The gym was drafty, and both of us warmed up by missing our first few shots. I couldn't help noticing, however, that Cuomo is in terrific shape. He chases down loose balls with alacrity, using his elbows like a harried commuter. I finally hit a jumper, and then the governor answered with a strong drive to his right, zipping past me for two quick layups. Fortunately my jumper from the perimeter was enjoying one of its better mornings, and soon I was ahead by three. But not for long. Cuomo, who had been clanking three-pointers and gazing at the rim in disbelief—it was his rim—finally hit one. Then he forced me to dribble the ball off my knee and connected from the side, making the score 7-6, me.

By this time I was breathing hard, so I didn't appreciate it when the referee chose now to warn me about reaching in, nor did it please me when Cuomo checked the ball with me by throwing it three steps to my left. He smiled wickedly as I went to retrieve it while he caught his breath. He missed a shot, I hit a jumper, and thinking of Red, I checked the ball afterward by tossing it two paces to his right. The governor smiled thinly. We traded shots, leaving me ahead 9-8 and feeling more optimistic than I had in weeks. I hadn't attempted a drive all day and so now I did, but the governor coolly slapped the ball off my knee. Then he checked the ball by throwing it two steps to my left, smiled evilly, faked a drive and, with perfect two-handed-set-shot form, lofted a three-pointer and was shouting "Yesss!" even before it dropped through the cords. Final score: 10-9, the governor.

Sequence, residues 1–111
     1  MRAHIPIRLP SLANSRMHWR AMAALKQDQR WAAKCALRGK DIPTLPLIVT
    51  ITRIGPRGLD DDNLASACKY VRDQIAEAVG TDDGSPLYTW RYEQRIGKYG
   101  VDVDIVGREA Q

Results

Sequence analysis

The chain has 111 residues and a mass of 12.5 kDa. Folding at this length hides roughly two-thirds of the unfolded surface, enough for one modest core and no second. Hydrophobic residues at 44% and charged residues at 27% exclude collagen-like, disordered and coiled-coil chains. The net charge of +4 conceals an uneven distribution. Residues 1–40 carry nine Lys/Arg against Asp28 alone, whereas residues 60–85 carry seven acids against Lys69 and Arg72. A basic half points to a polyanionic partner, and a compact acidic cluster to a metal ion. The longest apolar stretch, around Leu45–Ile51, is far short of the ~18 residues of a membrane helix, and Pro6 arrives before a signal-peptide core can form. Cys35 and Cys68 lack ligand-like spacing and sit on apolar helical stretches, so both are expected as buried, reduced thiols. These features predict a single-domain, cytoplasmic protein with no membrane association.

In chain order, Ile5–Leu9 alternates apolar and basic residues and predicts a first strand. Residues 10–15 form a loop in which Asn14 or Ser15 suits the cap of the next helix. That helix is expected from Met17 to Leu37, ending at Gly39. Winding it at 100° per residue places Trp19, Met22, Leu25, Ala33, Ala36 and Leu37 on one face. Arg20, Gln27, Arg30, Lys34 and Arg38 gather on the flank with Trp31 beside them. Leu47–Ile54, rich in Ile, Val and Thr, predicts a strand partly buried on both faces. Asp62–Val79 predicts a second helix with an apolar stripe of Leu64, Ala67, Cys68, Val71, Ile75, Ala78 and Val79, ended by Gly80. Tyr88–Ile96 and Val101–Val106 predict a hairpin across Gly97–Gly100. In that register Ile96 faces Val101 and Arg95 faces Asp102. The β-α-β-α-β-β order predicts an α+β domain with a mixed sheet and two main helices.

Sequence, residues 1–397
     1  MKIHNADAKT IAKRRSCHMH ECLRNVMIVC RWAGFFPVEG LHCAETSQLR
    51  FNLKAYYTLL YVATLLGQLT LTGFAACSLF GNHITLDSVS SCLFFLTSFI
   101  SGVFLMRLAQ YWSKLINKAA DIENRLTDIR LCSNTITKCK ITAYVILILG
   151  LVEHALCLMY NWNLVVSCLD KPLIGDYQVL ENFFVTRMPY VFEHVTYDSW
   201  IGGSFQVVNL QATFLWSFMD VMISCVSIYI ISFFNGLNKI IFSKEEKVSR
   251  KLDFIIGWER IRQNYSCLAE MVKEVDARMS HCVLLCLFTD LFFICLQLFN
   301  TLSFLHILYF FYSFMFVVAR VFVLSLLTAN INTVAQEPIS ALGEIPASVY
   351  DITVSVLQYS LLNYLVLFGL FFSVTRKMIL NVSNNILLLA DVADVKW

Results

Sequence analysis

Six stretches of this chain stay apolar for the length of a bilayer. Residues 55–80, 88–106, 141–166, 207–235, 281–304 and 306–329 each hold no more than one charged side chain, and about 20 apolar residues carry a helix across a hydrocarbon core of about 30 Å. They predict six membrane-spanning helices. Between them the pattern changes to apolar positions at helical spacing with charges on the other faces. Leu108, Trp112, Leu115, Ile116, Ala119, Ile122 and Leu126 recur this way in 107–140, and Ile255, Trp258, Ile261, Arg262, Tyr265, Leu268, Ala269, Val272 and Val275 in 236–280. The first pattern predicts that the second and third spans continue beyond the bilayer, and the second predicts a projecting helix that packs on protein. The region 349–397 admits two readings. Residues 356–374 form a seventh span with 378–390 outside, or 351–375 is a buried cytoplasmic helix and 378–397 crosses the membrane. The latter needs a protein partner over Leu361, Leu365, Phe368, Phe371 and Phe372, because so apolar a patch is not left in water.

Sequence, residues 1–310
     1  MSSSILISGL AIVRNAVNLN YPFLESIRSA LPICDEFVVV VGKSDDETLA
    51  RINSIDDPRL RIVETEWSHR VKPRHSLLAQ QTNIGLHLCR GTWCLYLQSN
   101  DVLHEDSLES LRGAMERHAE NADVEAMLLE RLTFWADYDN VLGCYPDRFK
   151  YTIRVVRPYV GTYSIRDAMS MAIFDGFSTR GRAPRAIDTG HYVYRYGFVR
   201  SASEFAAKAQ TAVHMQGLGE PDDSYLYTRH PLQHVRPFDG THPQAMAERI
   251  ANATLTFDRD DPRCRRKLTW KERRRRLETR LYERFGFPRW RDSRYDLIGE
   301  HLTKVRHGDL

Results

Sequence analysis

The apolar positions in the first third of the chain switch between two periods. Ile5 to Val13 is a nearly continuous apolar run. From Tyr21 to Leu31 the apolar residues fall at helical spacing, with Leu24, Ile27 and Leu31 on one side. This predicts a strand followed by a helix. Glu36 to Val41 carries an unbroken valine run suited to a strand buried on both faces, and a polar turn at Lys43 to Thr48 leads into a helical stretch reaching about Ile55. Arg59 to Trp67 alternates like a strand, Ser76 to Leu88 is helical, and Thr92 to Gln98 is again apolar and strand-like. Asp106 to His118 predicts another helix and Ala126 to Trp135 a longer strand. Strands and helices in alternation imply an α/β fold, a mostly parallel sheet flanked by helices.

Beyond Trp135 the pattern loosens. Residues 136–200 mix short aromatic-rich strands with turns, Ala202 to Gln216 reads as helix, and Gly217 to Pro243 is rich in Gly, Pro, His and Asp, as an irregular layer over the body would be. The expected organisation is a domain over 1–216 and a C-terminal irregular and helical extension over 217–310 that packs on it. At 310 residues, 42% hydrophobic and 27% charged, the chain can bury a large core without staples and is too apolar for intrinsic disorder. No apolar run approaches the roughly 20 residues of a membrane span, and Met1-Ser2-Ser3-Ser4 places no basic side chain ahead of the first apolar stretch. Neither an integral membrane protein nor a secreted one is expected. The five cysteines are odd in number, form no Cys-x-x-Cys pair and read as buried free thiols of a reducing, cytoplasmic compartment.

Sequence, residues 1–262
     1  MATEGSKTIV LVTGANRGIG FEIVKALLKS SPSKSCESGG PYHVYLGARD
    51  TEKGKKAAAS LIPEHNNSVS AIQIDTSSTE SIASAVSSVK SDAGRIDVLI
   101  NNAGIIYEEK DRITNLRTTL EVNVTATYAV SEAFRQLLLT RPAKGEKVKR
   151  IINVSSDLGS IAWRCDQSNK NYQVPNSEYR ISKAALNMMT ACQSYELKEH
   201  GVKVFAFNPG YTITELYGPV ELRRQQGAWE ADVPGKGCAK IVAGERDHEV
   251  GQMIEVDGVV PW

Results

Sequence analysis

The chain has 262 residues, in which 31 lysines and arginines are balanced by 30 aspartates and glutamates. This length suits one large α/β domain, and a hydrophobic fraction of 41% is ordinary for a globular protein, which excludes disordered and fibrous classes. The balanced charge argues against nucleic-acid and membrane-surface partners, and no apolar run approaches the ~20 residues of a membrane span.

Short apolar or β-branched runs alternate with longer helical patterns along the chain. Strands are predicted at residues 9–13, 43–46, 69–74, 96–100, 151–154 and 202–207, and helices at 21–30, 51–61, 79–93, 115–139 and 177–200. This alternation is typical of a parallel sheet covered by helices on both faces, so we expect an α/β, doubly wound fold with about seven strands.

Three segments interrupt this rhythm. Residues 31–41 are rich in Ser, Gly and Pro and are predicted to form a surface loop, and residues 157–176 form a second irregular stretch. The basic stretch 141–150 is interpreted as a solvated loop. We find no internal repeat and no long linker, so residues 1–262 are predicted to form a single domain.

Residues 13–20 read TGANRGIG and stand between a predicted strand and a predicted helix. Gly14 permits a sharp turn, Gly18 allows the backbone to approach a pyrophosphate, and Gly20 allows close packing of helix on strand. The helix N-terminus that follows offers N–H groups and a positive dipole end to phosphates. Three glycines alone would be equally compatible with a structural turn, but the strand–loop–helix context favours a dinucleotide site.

"It was a clean game, a gentleman's game," he said. "We play clean games here. Every Wednesday and every Saturday. You call your own fouls, and you can't be challenged. You can call a guy names, call him a phony, spit on him, but you can't take away his foul." I thought this was a good time to ask about the aide in referee's clothing. "You can't stand the fact that you lost," said the governor.

In fact, it turns out that I am the latest in a lengthy succession of Mario Cuomo's basketball victims. He grew up in South Jamaica, in New York City, and made the St. John's Prep varsity as a sophomore in 1948. "We played in black Keds," he says. "White sneakers were a novelty. We wore tank tops, high stockings and fur-lined knee guards that were belted behind the leg."